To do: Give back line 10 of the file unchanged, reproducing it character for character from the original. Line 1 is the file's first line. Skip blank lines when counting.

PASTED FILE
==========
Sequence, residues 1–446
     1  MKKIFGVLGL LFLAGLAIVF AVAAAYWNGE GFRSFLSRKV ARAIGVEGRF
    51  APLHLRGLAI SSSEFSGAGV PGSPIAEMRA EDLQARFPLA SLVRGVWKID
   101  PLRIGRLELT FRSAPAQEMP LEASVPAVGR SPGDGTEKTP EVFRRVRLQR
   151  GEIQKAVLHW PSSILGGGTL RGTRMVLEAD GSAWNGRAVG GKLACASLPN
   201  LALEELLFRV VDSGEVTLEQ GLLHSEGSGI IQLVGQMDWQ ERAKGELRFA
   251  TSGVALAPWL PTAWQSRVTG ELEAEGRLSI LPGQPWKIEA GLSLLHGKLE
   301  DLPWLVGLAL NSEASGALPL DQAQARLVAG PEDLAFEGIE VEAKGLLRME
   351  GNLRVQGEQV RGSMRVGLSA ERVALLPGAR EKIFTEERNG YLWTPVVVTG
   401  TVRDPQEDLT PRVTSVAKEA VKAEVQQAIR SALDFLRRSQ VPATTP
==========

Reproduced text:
   401  TVRDPQEDLT PRVTSVAKEA VKAEVQQAIR SALDFLRRSQ VPATTP